Church and State in the Modern Age: A Documentary History

By J. F. MacLear | Go to book overview

J. McManners, The French Revolution and the Church ( New York, 1969).

C. S. Phillips, The Church in France 1789-1848: A Study in Revival ( London, 1929), pp. 1- 149.


29
Decree on Protestant Liberty December 24, 1789

In one of its early acts the National Assembly gave application to the royal edict of 1787 and to the promises contained in its own Declaration of the Rights of Man and of the Citizen that "all citizens, being equal before (the law), are equally eligible to all public positions" (article 6), and that "no one shall be molested because of his opinions, even religious opinions, provided their expression does not disturb the public order established by law" (article 10). Jews, however, were not covered by the act, probably because of cautions arising from reports of the unpopularity of Alsatian Jews.

The National Assembly, without intending anything prejudicial to Jews, on whose position it reserves the right to declare, and in order that no reasons for exclusion, other than those resulting from constitutional decrees, may be opposed to the eligibility of any citizen, has decreed as follows:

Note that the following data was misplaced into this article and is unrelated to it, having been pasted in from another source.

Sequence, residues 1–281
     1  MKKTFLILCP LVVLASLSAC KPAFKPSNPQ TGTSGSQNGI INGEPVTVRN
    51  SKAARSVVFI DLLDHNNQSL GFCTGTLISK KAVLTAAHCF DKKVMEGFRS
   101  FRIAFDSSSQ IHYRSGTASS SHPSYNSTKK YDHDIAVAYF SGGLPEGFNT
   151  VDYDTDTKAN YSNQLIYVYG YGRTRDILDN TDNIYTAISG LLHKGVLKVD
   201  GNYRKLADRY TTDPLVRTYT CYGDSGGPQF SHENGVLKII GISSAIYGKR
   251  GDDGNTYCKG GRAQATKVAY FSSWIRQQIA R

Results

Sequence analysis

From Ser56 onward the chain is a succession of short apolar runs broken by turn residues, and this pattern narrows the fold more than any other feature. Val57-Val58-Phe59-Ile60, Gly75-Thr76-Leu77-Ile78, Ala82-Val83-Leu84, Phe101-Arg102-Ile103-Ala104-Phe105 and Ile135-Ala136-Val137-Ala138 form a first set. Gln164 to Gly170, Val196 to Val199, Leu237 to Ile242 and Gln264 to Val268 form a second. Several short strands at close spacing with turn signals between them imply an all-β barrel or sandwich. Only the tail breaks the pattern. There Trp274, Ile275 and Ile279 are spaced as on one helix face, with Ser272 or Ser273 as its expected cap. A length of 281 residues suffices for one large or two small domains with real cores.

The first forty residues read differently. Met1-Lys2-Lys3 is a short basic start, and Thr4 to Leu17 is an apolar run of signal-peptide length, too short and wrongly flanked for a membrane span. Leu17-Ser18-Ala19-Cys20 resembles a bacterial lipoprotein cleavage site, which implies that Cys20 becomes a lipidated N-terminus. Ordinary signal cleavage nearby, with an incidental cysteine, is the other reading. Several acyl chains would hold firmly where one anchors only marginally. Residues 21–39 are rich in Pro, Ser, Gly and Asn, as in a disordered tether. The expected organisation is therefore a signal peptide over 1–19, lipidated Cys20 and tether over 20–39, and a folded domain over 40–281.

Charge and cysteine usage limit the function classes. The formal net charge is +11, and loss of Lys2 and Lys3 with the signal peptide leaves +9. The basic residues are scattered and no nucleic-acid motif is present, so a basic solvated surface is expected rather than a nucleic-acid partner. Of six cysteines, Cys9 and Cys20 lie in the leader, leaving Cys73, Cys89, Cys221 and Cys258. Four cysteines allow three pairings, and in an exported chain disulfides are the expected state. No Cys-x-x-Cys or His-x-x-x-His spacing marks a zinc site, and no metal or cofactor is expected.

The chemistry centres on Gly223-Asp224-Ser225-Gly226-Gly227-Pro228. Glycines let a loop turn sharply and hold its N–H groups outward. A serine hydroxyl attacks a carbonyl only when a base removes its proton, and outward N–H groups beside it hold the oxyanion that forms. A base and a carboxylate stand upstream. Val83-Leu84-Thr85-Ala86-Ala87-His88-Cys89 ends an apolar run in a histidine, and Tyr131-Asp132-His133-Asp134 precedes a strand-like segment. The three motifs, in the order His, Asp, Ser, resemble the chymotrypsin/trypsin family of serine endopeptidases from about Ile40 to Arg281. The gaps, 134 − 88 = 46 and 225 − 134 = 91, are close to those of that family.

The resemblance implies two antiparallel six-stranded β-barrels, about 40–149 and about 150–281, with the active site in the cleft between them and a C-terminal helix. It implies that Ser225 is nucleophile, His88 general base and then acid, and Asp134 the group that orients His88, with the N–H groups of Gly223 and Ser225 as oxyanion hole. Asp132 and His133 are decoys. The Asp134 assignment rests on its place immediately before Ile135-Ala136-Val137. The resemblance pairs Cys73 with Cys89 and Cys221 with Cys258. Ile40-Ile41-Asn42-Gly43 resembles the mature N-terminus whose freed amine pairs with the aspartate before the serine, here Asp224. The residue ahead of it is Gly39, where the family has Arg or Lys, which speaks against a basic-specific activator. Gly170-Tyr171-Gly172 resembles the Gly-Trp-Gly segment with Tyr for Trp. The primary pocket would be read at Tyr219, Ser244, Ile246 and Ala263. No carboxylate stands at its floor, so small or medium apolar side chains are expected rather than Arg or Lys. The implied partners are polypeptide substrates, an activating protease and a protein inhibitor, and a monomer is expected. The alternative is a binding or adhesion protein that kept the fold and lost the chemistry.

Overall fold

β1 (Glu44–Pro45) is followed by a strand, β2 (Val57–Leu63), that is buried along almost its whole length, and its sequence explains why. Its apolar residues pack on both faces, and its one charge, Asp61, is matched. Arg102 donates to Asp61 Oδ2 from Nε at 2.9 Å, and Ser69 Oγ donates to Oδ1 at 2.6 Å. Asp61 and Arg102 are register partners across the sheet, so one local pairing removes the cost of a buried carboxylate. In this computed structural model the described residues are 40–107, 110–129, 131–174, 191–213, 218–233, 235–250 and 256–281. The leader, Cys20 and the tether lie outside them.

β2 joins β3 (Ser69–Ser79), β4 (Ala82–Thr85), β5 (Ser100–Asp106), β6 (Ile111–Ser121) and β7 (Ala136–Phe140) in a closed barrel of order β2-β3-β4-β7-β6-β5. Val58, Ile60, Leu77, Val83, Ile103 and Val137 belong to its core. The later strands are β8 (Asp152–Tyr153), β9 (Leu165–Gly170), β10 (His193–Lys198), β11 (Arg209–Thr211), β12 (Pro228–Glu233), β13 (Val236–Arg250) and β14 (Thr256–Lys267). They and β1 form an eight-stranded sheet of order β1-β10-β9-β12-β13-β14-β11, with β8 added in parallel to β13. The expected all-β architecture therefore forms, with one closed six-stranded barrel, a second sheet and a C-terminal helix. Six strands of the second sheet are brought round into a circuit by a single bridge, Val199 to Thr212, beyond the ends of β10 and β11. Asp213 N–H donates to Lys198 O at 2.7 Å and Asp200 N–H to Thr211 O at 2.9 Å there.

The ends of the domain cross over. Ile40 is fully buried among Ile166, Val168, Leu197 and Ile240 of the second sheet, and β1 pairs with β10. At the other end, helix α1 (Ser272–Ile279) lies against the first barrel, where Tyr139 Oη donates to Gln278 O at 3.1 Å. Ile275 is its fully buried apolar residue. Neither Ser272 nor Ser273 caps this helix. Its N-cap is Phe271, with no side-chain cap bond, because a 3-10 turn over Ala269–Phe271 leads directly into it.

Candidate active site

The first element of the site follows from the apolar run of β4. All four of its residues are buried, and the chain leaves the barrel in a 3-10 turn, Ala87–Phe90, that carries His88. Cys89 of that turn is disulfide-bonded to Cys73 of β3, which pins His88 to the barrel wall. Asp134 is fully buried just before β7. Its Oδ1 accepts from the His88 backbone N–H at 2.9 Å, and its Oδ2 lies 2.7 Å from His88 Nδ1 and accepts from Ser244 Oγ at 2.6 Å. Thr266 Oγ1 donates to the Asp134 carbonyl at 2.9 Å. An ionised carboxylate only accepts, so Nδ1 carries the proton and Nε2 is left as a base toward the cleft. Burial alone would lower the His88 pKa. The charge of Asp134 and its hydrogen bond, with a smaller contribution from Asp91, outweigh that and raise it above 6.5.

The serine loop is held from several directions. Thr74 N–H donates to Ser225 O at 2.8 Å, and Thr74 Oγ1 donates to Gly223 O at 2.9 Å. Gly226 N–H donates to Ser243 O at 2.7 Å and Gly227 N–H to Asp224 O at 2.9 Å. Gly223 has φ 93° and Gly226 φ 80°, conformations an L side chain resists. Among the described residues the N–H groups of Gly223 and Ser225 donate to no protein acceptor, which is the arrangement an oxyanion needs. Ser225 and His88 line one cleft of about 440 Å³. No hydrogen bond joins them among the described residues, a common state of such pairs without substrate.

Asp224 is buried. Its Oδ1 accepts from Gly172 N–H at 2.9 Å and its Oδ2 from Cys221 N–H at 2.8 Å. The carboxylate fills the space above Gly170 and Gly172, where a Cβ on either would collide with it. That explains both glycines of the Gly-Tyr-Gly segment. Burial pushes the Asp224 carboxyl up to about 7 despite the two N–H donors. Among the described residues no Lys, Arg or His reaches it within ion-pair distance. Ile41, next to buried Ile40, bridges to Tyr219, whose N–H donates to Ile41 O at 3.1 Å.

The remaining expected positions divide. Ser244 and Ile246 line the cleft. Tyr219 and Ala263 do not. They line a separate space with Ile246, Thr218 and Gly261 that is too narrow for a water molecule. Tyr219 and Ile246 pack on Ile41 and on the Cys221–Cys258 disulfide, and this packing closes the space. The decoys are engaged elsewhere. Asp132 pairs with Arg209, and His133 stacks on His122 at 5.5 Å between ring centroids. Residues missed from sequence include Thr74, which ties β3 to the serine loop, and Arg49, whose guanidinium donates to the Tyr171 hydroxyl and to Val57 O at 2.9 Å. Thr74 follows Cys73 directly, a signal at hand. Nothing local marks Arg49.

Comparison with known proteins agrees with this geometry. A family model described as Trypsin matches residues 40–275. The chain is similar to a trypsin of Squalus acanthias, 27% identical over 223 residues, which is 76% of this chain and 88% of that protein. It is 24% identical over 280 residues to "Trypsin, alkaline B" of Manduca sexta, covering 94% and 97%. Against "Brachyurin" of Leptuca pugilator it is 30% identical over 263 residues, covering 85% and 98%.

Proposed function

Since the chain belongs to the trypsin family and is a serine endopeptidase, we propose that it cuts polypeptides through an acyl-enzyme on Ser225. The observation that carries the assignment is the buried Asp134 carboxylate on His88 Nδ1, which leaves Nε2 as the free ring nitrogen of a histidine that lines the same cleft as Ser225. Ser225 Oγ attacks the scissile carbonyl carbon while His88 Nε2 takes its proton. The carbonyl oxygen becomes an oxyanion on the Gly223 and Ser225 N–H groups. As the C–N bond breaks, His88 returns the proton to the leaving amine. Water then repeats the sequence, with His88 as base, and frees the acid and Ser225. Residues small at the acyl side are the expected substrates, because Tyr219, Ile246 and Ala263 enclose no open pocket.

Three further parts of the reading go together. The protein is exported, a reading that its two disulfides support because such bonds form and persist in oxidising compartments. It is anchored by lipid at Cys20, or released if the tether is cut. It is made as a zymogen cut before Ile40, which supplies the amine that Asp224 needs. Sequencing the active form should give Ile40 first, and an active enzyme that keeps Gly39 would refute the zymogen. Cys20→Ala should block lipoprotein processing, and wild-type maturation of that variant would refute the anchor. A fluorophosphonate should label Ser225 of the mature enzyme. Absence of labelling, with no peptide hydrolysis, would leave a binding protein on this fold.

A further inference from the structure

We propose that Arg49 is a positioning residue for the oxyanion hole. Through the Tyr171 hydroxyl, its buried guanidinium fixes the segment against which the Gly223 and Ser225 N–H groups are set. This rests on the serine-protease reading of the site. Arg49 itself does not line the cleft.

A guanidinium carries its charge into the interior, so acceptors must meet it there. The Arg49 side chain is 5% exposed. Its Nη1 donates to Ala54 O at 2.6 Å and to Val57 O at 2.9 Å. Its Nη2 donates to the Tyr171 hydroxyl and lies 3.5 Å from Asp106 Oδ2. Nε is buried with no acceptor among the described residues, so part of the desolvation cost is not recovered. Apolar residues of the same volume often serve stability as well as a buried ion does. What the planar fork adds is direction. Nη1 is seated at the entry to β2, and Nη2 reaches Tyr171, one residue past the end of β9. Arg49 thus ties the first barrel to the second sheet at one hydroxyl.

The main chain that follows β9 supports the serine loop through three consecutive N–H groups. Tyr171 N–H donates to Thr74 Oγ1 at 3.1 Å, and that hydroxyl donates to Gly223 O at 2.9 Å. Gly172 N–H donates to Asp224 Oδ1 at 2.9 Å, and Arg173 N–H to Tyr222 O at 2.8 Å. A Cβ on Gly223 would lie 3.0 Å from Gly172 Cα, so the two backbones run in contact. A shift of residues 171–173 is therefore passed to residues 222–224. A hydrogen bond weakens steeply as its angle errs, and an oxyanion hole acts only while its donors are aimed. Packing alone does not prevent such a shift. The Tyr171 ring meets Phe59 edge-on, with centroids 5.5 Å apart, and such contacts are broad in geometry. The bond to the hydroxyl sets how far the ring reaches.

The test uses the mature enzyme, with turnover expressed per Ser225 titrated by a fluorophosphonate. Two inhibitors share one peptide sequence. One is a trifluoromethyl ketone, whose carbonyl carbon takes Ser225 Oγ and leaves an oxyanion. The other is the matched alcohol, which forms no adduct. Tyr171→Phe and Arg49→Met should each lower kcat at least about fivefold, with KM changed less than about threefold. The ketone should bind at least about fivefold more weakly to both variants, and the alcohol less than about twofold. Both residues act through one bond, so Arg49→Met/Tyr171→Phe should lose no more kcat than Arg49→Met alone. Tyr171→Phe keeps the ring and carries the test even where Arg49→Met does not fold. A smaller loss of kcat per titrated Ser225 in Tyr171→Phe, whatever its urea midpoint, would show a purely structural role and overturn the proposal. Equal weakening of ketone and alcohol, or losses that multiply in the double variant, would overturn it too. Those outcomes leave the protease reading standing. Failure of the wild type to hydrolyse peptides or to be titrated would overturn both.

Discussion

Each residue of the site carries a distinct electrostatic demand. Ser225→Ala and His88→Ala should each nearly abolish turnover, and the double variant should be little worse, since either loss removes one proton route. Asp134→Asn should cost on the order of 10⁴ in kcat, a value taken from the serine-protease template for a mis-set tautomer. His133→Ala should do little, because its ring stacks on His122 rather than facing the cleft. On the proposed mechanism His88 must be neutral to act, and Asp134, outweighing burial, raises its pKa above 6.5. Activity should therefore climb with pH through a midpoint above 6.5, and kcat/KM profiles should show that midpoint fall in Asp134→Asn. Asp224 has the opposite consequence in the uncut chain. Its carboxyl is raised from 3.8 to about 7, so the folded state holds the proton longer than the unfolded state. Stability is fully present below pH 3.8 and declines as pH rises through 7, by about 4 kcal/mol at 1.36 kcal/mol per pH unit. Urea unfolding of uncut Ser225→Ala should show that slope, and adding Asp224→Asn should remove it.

1st, Non-Catholics who have completed all the conditions prescribed in the preceding decrees of the National Assembly for electors and eligibility may be elected to all government offices without exception; 2nd, Non-Catholics, like other citizens, are capable of all civil and military employment.

Source: Jean B. Duvergier (ed.), Collection complète des lois, décrets, ordonnances, règlements, avis du conseil d'état ( Paris, 1834- 1906), I, 89.


SUGGESTIONS FOR BACKGROUND AND REFERENCE

B. M. Baird, The Huguenots and the Revocation of the Edict of Nantes ( New York, 1895), II, 550-570.

G. Bonet-Maury, Histoire de la liberté de conscience en France depuis l'Édit de Nantes jusqu'à juillet 1870 ( Paris, 1900), pp. 88-96.

J. Dedieu, Histoire politique des protestants français (1715-1794) ( Paris, 1925).

B. C. Poland, French Protestantism and the French Revolution, 1685-1815 ( Princeton, 1957).


30
Decree Suppressing Monastic Vows February 13, 1790

French monasticism was in decline before the Revolution, and some congregations had already been dissolved. This decree occasioned little protest, and many monks reentered civil life.

-76-

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